Huge tracts of lodgepole pines on the White River National Forest in Colorado were killed by mountain pine beetles in the early 2000s during a time when average temperatures increased markedly and there was a sustained absence of winter cold snaps, which during previous outbreaks had served to check the population of the insects. In this Summit County scene, dead forests are visible as reddish areas on the flanks of the mountains above Dillon Reservoir. (Photo: Bob Berwyn)
Triggered by warming temperatures and a sharp drought in 2002, mountain pine beetles wiped out nearly four million acres of trees in Colorado and Wyoming in a span of only 10 years, the largest such outbreak that researchers could identify going back thousands of years to when the glaciers of the last ice age retreated and forests started to colonize the Rocky Mountains.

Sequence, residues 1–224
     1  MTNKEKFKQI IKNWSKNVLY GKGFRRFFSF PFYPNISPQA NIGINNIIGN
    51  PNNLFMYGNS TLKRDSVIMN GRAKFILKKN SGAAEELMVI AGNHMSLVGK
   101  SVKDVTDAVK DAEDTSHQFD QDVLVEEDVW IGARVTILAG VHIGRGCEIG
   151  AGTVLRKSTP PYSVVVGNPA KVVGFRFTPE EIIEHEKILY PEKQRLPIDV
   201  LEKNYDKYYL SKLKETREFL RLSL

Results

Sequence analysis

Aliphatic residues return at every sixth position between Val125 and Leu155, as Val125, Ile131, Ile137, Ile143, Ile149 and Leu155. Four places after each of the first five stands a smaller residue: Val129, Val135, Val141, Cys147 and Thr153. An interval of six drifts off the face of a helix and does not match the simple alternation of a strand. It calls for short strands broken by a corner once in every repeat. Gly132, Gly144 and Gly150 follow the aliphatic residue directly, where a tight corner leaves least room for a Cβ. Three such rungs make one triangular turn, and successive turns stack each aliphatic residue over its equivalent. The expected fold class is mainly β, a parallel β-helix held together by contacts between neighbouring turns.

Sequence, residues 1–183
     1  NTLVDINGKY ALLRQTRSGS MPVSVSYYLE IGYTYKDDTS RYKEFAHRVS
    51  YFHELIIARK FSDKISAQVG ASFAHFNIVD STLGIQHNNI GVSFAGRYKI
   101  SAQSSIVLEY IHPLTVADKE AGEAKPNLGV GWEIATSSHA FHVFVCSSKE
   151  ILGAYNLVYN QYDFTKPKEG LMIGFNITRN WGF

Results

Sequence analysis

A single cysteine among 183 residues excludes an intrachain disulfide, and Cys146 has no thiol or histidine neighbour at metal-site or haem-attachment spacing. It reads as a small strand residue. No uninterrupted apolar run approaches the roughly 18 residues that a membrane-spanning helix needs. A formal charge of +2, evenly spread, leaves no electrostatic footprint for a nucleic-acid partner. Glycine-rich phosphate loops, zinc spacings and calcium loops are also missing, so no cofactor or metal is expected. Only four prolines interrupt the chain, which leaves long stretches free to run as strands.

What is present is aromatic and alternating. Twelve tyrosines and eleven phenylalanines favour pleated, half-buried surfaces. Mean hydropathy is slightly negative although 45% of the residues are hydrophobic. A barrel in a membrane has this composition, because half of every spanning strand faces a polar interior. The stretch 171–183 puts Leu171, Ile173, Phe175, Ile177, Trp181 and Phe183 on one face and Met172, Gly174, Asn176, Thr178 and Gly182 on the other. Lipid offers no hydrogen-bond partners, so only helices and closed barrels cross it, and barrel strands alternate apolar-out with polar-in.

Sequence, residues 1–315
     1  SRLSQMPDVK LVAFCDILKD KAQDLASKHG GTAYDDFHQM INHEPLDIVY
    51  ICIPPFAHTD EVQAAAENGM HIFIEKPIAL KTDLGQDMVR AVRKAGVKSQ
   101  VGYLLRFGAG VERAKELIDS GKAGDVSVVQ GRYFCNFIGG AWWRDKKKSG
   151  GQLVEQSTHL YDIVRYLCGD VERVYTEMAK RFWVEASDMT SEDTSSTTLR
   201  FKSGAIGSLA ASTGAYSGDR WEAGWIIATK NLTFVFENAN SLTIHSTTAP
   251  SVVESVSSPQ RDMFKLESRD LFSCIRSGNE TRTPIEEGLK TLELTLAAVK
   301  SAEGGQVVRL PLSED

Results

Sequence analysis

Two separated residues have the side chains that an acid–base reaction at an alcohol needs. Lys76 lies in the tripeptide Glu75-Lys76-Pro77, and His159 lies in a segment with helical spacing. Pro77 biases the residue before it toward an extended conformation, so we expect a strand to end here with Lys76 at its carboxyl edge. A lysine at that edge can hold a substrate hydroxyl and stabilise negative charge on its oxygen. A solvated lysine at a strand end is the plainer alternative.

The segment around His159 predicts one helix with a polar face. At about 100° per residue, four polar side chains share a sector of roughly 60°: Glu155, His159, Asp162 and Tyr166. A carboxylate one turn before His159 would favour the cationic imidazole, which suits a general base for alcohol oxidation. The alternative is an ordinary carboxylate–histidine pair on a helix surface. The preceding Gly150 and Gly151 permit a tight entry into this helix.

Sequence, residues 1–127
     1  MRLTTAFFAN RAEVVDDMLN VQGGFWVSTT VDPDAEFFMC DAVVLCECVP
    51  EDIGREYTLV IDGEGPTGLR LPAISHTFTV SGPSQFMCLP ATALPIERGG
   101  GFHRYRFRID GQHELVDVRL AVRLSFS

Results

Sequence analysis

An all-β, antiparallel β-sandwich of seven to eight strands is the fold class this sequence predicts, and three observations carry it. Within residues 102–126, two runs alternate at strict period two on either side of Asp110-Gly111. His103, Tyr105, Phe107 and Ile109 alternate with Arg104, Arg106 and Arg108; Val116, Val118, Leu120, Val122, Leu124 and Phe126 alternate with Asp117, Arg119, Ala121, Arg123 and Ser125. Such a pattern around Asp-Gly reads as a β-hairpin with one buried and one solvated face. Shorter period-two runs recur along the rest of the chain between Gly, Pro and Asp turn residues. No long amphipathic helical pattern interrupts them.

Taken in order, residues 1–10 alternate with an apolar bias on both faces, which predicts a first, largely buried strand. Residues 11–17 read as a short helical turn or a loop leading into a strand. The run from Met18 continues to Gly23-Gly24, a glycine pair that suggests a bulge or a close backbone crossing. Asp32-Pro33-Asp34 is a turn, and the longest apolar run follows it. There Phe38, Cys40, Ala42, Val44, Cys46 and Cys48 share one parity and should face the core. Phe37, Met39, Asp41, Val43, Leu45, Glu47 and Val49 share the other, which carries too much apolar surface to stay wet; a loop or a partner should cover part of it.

The sudden forest death in the heart of the Rockies is a warning sign for other forests, and time is short. The pine beetles kept multiplying because warmer temperatures speed up their metabolism. Longer summers mean they now breed twice a year instead of just once. And there have been no cold snaps severe enough to kill the beetle larvae for several decades. More of them survive the winter, so they have a head start on breeding the following summer.
It was a landscape-level change so vast and fast that people in the region suddenly felt a direct effect from climate change, and that effect will linger for future generations, as global warming limits forest regrowth in areas near Colorado cities, whose residents need those forests to maintain healthy drinking water supplies, as well as for recreation.